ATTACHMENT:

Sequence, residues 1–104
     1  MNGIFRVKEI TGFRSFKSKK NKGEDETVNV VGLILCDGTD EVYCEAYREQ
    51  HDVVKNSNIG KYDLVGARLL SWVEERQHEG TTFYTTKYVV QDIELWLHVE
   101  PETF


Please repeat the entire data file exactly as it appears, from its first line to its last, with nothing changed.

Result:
Sequence, residues 1–104
     1  MNGIFRVKEI TGFRSFKSKK NKGEDETVNV VGLILCDGTD EVYCEAYREQ
    51  HDVVKNSNIG KYDLVGARLL SWVEERQHEG TTFYTTKYVV QDIELWLHVE
   101  PETF